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The Annals of the Civil War Written by Leading Participants North and South (ed. Alexander Kelly McClure) 2 0 Browse Search
Colonel Charles E. Hooker, Confederate Military History, a library of Confederate States Military History: Volume 12.2, Mississippi (ed. Clement Anselm Evans) 2 0 Browse Search
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The Annals of the Civil War Written by Leading Participants North and South (ed. Alexander Kelly McClure), The Black Horse cavalry. (search)
rvice and gained valuable information for the General, and on its return to Hanover Court-House, the battle of Cedar Mountain having been fought, it was ordered to join in the pursuit of Pope. The Fourth Regiment crossed the Rappahannock at Wallis' ford, and, marching through farms, regardless of roads, came into the main road from Culpepper Court-House to Fredericksburg, and turning to the right, attacked the cavalry protecting Pope's extreme left and drove it across the Rappahannock at Ellis' mill. Turning toward Brandy Station, on the Orange and Alexandria Railroad, the command found that General Lee, with Longstreet's Corps, had established his headquarters at Willis Madden's house. Continuing its march, it crossed the railroad and rejoined Stuart, who, with Jackson's Corps, pursued the enemy to the crossings of the Rappahannock at the railroad bridge and Beverly's ford. Thus were the two armies again confronting each other, but on opposite sides of the river. In this situati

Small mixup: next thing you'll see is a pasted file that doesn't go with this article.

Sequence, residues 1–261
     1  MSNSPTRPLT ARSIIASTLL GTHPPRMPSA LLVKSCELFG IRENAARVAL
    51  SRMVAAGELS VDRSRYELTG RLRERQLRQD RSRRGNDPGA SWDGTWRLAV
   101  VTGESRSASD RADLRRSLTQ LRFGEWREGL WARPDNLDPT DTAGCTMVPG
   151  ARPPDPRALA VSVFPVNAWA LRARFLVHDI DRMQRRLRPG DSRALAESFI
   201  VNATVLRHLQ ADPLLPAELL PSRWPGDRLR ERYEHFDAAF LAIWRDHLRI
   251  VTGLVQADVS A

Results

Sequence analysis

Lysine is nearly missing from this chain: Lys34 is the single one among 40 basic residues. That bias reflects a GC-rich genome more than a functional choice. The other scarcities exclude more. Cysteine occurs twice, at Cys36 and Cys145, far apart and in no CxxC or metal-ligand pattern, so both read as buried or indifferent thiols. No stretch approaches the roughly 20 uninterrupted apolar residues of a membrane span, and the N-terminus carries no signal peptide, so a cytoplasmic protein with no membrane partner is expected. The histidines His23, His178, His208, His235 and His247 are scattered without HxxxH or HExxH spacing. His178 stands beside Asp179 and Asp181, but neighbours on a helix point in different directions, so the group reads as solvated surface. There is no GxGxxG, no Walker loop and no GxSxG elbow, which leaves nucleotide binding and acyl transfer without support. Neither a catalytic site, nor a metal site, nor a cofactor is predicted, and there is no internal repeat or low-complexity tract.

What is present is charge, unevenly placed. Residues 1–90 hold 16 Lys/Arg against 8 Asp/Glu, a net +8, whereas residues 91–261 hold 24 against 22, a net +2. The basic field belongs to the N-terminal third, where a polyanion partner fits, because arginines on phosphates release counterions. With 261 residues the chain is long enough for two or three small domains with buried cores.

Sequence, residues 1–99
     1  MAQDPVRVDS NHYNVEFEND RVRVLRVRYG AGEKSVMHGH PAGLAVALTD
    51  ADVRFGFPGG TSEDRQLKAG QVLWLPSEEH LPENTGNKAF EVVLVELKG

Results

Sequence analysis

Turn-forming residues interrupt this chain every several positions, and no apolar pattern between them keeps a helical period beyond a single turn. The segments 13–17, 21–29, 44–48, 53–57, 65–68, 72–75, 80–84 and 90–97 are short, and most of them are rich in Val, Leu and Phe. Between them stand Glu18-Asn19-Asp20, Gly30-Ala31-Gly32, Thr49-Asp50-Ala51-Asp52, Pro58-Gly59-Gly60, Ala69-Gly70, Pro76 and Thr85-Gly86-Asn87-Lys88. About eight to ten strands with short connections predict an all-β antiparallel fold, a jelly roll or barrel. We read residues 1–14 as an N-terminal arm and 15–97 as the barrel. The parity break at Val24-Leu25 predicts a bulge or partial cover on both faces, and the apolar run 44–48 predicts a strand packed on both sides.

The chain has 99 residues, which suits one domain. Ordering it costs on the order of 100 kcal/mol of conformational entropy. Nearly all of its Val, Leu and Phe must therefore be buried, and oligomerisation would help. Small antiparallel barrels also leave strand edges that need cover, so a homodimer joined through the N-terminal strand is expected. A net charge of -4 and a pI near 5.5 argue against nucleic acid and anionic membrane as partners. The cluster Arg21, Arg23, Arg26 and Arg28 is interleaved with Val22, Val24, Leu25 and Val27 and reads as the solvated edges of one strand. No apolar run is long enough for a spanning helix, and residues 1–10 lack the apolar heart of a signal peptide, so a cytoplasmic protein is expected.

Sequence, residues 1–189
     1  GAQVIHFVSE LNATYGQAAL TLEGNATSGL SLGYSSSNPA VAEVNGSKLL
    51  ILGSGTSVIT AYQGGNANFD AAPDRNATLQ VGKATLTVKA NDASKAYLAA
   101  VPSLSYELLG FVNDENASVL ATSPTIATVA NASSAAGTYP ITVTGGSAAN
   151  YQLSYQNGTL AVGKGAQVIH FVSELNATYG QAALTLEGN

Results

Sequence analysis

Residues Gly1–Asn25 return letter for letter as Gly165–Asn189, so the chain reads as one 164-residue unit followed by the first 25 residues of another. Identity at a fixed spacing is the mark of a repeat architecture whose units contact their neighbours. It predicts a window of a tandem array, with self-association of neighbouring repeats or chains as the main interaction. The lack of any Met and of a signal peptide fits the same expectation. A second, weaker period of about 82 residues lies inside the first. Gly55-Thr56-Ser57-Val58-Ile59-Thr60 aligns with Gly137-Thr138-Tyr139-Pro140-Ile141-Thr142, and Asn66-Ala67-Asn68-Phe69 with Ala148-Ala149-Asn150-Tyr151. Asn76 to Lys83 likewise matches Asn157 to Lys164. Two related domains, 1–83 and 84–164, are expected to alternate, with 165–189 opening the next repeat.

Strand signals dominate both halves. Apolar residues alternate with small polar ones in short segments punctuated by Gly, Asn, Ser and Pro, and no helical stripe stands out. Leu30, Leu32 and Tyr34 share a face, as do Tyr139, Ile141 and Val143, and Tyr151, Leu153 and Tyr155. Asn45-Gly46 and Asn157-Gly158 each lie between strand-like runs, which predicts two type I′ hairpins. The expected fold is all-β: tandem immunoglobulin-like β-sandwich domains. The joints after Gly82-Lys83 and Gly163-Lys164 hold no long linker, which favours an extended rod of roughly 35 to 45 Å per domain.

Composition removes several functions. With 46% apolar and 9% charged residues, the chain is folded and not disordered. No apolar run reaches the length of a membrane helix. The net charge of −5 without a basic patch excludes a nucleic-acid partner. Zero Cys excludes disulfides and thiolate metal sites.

West Point to observe the enemy. At the same time Smith concentrated his command at Prairie Station, and advanced on West Point on the 20th. Colonel Forrest met his advance before West Point, and fell back skirmishing until he was joined by General Forrest, with McCulloch's and Richardson's brigades. But Forrest did not at this time desire an engagement until Lee came up, and he withdrew beyond Sakatonchee creek, three miles south of West Point, capturing a detachment that was burning Ellis' mill, and concentrating his force at the bridge at that point. On Sunday morning, the 21st, Forrest was informed of the advance of the enemy against him, whereupon he ordered General Richardson to take position at the bridge across Line creek in the rear, Colonel Barteau to watch the enemy's flank, and Neely with Richardson's brigade to guard the Tibbe river, with Gholson at Palo Alto. This left him Chalmers' division, his escort and two batteries. Forrest's brigade was dismounted and thr